My name is Dr Arthur Axelbank. I am a family physician who has been in community practice in Orange County for 28 years. The President of the United States has made a mistake in his effort to restructure health care financing in this country. In making the case for change, he has not clearly pointed out the problems with the current system. They are too numerous to elaborate in detail, but I am here as someone on the front line to explain some of the difficulty we encounter daily in our patient care.
When patients walk in our door, we ask them to present their insurance card (if they have coverage). This scenario is familiar to anyone who has ever been in a doctor's office. The card can be from any one of more than 25 different insurers or "payers" we accept. Our staff has to verify that the patient's coverage is still in effect - that it has not expired. We then have to identify how much of a copayment we have to collect, what the deductible is, and whether the patient has met that deductible for the current calendar year, fiscal year, or other time period. Some of this information is featured on the insurance card, and some has to be searched on the internet. Our staff has to become expert in each different payer's unique set of rules and be able to apply them correctly. It is as if we have to be fluent in 25 different languages! The patient has to wait for all of this to occur before he or she can actually see the doctor.
When the individual finally gets to see me, I am faced with trying to figure out what services are covered by which payer, and by which type of policy. For example, is a general physical - a checkup - covered? (Checkups or well visits are covered differently from sick visits, and this varies for different policies, even with the same payer.) What about a surgical procedure? Is it covered or not? If so, what percent is covered? What portion does or does not apply to the deductible? Here again, we have to be fluent in 25 different languages!
Then there is the unending complicated saga of drug formularies. Is the drug covered? At what level or what percent? That depends upon what type of insurance you have! As clinicians, if we prescribe a costly drug, we often are faced with an array of extra paperwork that we must fill out to have medications "pre-authorized". As before, we have to be fluent in 25 different languages!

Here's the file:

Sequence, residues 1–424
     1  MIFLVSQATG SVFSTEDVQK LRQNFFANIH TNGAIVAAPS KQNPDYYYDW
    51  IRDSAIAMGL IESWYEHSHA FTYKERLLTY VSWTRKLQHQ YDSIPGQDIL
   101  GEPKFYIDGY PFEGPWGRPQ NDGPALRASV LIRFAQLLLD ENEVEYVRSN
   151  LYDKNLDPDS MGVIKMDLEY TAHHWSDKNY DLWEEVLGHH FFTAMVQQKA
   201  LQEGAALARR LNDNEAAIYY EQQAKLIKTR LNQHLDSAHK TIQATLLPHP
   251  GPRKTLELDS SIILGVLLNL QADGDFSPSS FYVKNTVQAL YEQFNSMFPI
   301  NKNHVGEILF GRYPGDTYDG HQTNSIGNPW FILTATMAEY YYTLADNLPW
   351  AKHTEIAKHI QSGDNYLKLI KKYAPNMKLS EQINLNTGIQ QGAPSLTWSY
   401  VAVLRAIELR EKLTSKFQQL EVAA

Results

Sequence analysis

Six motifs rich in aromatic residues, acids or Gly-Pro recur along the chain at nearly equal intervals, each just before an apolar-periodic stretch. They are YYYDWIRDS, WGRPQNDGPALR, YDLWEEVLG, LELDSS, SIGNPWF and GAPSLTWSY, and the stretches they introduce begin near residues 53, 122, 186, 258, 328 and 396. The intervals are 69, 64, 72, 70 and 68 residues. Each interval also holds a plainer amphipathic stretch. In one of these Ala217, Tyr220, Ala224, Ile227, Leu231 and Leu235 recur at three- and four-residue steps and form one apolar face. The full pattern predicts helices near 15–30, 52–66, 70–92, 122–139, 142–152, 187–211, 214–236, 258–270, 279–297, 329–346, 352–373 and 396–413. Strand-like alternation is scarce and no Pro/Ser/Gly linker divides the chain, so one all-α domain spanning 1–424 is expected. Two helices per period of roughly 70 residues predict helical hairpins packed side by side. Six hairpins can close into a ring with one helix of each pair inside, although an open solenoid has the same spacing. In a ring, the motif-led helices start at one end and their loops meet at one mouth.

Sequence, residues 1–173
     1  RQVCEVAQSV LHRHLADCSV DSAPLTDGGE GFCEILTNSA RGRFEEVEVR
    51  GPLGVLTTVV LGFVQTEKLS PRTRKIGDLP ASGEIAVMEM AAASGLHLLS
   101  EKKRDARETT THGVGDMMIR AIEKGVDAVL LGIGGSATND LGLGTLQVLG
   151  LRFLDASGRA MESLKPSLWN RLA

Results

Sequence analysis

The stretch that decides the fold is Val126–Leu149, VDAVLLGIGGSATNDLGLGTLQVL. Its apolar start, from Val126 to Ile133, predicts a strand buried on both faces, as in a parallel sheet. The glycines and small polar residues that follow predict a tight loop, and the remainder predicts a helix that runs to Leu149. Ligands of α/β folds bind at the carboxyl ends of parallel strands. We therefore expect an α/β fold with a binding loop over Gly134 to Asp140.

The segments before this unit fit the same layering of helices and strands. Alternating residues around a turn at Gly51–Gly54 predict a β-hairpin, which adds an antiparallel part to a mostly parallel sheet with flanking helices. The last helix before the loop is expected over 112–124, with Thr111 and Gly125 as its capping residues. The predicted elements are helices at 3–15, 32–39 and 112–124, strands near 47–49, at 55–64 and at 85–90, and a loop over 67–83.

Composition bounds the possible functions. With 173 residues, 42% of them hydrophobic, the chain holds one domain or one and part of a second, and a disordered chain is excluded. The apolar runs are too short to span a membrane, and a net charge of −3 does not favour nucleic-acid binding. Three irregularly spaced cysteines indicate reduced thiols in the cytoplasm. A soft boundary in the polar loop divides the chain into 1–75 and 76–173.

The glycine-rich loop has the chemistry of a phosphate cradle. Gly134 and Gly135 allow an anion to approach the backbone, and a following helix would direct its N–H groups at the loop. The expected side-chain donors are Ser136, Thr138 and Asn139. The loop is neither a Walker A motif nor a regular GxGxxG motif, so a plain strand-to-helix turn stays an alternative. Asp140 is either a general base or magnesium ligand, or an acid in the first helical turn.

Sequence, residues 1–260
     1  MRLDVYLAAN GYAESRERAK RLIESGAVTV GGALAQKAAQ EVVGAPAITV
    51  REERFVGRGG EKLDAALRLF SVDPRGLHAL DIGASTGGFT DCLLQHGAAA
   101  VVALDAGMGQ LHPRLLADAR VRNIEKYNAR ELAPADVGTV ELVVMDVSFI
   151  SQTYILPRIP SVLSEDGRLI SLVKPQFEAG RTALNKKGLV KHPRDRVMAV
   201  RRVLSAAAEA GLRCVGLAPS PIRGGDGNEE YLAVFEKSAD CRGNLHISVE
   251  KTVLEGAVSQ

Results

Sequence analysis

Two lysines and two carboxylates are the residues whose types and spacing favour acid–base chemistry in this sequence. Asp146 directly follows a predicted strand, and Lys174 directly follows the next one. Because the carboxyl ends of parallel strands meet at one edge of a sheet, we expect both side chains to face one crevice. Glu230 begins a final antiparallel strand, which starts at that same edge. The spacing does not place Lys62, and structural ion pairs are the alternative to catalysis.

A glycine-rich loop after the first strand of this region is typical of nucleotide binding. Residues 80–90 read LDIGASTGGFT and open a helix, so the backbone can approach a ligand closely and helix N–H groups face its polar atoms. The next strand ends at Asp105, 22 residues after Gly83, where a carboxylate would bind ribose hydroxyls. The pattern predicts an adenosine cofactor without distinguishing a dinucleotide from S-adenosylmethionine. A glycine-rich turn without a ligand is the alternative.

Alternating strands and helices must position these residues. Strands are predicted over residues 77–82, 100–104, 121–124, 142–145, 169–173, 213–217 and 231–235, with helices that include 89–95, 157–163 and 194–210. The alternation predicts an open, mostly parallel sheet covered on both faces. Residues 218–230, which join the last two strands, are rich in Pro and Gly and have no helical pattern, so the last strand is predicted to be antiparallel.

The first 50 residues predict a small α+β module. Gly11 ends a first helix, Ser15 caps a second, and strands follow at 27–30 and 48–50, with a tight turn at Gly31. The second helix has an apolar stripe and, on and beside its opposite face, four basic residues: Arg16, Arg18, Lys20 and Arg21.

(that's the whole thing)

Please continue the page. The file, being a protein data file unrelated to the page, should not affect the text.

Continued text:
I am a primary care physician. If my patient needs to be referred to a specialist or even for an x-ray or other test, same thing - we have to choose the consultant based on each payer's unique list of so called "preferred providers". Not only this, but if a patient's employer changes insurance provider, or chooses a different level of coverage, or if a patient changes employers, the rules change. We encounter this every day in our office.
It is a fact that over 30% of our premium dollars go into administrative overhead of private insurers, not toward health care delivery. This compares with only 3-4% for public programs like Medicare. That's a big difference!
I could go on, but time is limited. The complexity, and our need to master the infinite number of different rules, increases our overhead greatly. The time and energy in staff training and maintaining skills is a huge burden. This, coupled with the profits and administrative overhead of the insurance companies themselves, adds up to one of the major causes of the rising cost of practicing medicine today, and it is getting worse. You and I are paying for this each time we visit the doctor! We as a nation cannot afford not to change the way we are doing business, and time is wasting!
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Last updated: 10/11/2009 by Vic